The Advanced Very High Resolution Radiometer (AVHRR) is a sensor embarked on the National Oceanic and Atmospheric Administration (NOAA) family of polar orbiting platforms. AVHRR instruments measure the reflectance of the Earth in 5 relatively wide spectral bands. The first two are centred around the red (0.6 micrometer) and near-infrared (0.9 micrometer) regions, the third one is located around 3.5 micrometer, and the last two sample the thermal radiation emitted by the planet, around 11 and 12 micrometers, respectively.
The first AVHRR instrument actually was a 4-channel radiometer, while the latest version (known as AVHRR/3, first carried on the NOAA-15 platform launched in May 1998) acquires data in a 6th channel located at 1.6 micrometer.
The primary purpose of these instruments is to monitor clouds and to measure the thermal emission (cooling) of the Earth. These sensors have proven useful for a number of other applications, however, including the surveillance of land surfaces, ocean state, aerosols, etc. AVHRR data are particularly relevant to study climate change and environmental degradation because of the comparatively long records of data already accumulated (over 20 years). The main difficulty associated with these investigations is to properly deal with the many limitations of these instruments, especially in the early period (sensor calibration, orbital drift, limited spectral and directional sampling, etc).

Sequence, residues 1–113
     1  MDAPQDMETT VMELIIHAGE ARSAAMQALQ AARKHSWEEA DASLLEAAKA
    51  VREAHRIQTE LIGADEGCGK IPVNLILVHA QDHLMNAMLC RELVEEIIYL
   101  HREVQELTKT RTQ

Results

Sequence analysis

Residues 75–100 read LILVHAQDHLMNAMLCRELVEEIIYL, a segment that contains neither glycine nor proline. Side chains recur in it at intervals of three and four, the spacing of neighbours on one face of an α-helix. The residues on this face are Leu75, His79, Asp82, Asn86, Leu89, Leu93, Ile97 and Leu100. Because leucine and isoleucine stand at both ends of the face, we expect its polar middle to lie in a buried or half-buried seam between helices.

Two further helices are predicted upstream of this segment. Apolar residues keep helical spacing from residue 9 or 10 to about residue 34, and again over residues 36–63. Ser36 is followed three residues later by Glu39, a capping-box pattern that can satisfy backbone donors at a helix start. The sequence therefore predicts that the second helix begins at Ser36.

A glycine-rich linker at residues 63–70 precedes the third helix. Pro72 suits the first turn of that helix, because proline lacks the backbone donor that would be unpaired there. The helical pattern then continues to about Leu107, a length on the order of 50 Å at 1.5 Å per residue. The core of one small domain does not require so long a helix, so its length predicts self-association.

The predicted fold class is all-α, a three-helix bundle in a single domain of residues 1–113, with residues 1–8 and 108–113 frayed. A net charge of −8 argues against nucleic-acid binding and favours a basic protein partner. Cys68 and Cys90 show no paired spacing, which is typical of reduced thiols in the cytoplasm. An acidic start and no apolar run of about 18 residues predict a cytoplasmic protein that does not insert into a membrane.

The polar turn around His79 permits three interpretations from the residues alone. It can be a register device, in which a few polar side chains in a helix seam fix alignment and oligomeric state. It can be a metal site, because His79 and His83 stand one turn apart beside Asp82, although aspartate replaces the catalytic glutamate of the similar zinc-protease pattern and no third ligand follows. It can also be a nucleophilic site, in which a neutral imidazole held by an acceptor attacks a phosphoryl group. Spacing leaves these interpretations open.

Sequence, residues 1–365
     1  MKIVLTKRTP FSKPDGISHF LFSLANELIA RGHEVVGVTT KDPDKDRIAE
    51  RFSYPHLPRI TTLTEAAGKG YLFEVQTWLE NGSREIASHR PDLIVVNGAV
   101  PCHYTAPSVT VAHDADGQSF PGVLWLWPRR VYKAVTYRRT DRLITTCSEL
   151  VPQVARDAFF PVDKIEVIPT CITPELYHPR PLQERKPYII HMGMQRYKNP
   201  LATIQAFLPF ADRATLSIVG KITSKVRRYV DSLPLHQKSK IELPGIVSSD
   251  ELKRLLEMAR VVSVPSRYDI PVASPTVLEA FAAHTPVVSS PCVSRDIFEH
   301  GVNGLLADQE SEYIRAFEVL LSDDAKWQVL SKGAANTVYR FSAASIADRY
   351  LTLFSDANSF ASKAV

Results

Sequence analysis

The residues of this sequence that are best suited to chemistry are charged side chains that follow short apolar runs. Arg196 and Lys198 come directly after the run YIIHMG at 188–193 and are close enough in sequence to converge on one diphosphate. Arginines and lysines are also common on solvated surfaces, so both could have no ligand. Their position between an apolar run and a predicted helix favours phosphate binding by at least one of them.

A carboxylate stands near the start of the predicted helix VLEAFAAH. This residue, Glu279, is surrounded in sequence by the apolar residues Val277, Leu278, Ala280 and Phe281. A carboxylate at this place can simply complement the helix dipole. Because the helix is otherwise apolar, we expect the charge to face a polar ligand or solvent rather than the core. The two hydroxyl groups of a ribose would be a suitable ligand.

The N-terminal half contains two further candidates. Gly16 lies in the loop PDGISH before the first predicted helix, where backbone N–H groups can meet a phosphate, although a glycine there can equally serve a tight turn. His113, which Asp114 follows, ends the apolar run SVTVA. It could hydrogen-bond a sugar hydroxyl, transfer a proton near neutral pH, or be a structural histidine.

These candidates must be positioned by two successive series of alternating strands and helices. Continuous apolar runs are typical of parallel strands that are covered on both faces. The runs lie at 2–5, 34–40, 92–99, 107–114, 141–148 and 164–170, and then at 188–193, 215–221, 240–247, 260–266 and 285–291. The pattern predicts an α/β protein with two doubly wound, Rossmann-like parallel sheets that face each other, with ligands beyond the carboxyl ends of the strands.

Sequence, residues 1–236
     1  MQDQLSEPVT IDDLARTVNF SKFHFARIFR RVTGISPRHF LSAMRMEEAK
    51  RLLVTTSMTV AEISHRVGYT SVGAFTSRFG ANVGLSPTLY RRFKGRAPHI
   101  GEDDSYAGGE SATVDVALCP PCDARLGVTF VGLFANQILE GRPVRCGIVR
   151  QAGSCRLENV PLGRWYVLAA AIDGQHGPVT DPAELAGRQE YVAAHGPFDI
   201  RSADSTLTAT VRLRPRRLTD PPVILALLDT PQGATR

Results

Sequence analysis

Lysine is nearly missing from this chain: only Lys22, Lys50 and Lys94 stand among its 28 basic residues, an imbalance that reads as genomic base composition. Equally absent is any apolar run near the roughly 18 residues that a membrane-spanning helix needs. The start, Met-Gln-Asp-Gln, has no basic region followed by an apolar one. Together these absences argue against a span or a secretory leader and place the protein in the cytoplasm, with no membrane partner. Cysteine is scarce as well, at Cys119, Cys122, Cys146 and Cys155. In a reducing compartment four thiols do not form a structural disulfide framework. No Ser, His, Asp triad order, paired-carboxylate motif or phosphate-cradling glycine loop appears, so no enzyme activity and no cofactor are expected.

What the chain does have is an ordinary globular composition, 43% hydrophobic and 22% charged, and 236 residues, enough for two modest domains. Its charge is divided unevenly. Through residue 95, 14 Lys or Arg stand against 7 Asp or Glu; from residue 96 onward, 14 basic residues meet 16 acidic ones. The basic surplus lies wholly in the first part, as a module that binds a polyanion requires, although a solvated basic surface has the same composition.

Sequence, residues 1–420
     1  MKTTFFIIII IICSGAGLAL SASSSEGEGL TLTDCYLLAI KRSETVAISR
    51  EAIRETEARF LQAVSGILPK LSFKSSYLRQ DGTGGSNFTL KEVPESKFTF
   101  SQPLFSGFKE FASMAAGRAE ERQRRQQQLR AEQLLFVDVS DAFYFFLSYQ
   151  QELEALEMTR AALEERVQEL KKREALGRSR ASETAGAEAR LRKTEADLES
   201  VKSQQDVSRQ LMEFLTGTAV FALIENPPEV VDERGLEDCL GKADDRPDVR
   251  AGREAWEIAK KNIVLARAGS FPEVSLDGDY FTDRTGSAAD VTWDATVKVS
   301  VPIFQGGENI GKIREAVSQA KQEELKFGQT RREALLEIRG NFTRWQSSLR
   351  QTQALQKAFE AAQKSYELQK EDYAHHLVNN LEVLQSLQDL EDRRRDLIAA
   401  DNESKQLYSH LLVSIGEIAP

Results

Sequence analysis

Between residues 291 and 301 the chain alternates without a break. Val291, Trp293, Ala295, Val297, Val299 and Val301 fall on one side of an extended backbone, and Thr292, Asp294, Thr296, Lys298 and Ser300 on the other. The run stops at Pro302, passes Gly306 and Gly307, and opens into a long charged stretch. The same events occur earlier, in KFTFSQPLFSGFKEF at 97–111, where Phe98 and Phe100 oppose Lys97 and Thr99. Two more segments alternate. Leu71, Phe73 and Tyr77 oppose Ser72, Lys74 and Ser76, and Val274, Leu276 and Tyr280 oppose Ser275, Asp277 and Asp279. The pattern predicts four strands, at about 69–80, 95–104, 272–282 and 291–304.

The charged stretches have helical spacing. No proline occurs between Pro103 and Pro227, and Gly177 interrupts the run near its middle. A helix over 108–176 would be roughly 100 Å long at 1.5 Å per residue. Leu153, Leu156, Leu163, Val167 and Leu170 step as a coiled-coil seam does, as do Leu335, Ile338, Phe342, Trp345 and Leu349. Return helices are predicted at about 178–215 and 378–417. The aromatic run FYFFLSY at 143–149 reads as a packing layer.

The AVHRR instrument also flies on the METOP series of satellites. The three planned METOP satellites are part of the Eumetsat Polar System (EPS) run by Eumetsat.
More information about AVHRR can be found here.